17th August 2023.
Louisa Atkinson Walk at Southern Highland Botanic Gardens.
It is my pleasure today to open the Louisa Atkinson walk, a living memory to her amazing work in the field of botany as well as her conservation work.
Born in 1834, not only was Louisa a botanist but also the first Australian born woman to become an accomplished writer. Writing science articles as well as drawing art for her own works there seems there was very little this woman couldn’t do.
The extraordinary thing about Lousia and her writing is the recognised view that she holds views that are universal, for the Aboriginal Elders who were misunderstood at best and Settlers who had no support, the men and the women, their concerns were universal. Writing as a woman, born into a nation that would have felt as alien as visiting the moon from the community that she was from is an astounding feat. While doing this she wouldn’t shut the door to those unlike her, she was open to the concerns of others. Her writing at the time was set apart as she had an ability to live in her country as an equal and befriend the Aboriginals that she viewed as equals, something that it took many from Europe another 100 or so years to do.
She also had a way to recognise the drought can do to our landscape, writing against the overarching positive commentators of the time of the 1880s. Her description in her final fiction work could be written in any of the summers we have just had, “The heat was extreme, the air was all in a flicker like tiny waves dancing and dazzling . . . while the cracking earth was so warm that the heat reflecting from it seemed greater than that pouring down from the red sun, now drawing towards the horizon.”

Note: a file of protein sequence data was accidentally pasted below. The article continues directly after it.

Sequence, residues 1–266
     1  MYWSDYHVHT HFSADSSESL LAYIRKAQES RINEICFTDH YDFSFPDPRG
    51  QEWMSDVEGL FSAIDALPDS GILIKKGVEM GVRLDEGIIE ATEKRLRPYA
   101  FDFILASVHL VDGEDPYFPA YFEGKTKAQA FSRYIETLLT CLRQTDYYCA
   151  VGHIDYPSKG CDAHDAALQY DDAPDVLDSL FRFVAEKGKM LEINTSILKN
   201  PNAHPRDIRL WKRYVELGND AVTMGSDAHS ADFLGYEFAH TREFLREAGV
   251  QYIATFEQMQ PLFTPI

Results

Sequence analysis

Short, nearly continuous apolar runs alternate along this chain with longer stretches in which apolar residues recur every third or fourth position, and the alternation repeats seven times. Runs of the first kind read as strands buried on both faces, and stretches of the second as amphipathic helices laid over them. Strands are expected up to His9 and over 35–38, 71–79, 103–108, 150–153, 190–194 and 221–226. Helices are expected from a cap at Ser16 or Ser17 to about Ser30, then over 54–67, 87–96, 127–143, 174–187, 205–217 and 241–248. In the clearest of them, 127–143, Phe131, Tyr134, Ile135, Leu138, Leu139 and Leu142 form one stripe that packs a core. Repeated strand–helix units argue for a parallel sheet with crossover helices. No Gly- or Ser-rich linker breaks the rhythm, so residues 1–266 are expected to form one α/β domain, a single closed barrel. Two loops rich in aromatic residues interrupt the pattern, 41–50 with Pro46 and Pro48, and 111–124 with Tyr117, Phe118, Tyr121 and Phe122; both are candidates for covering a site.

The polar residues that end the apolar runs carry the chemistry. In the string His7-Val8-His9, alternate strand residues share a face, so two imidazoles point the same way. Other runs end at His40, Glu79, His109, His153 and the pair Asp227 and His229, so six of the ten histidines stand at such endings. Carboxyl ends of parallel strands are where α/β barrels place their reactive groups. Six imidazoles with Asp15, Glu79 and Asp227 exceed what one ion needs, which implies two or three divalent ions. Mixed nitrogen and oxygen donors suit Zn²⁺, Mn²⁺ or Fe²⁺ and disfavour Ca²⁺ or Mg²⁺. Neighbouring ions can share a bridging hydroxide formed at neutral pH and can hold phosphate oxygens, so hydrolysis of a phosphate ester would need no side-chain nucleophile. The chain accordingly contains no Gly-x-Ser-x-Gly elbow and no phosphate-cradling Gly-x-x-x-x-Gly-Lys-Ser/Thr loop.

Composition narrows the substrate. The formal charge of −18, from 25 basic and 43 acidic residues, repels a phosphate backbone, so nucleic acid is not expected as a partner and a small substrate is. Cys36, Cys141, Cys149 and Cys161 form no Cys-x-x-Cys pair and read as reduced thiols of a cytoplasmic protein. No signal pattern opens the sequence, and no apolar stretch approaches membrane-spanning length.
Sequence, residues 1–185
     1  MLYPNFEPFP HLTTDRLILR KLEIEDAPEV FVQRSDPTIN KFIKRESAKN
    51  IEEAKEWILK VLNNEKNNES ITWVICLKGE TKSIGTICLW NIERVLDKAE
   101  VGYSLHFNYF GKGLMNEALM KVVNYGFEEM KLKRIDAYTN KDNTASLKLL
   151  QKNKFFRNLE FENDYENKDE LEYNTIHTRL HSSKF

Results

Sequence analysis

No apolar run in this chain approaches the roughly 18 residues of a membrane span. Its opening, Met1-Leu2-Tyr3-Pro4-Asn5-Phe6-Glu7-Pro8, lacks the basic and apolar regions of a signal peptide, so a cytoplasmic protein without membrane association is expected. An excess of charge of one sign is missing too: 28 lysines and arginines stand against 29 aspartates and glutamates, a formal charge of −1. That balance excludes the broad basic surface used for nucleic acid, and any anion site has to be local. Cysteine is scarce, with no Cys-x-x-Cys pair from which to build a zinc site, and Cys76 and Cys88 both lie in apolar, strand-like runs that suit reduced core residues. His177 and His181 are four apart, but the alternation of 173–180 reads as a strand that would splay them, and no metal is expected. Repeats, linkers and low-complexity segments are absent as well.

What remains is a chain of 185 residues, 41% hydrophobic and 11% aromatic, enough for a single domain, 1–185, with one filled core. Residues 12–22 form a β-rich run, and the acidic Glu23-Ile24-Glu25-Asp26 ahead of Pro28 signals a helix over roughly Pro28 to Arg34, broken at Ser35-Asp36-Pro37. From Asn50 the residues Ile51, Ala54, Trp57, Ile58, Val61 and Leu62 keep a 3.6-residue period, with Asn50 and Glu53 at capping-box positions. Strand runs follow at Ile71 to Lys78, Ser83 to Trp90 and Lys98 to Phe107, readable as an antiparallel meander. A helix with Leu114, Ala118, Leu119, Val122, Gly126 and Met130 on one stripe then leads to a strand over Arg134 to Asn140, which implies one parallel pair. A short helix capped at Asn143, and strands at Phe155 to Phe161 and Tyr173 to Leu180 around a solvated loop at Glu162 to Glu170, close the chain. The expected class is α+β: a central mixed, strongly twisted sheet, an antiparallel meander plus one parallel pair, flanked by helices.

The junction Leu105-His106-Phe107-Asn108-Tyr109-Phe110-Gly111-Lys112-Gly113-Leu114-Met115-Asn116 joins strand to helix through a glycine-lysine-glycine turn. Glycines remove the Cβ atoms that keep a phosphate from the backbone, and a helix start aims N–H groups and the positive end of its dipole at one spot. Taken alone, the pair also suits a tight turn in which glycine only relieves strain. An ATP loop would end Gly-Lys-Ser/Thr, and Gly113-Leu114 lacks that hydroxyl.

Her words too on the doubt of our farmers is something I know too well, “Let us hope that a few good seasons will restore prosperity to the land; but it is very doubtful if the small landholder system can ever be permanent where a drought or over-wet season, reduces the owner to want, unless a far more careful style of cultivation is pursued.”
It was this honesty to not sugar coat, to speak of the concerns and to have an openness that I think we can all continue to learn from.
I’d like to think a walk through her botanical work, in a town with the history of Bowral, opened by a woman and surrounded by people who are all equal is the future that Louisa Atkinson hoped we would all be rewarded. It is my pleasure as the Member for Wollondilly to open this walk and I thank the Southern Highlands Botanic Gardens team for their ongoing work towards building an amazing asset for our region.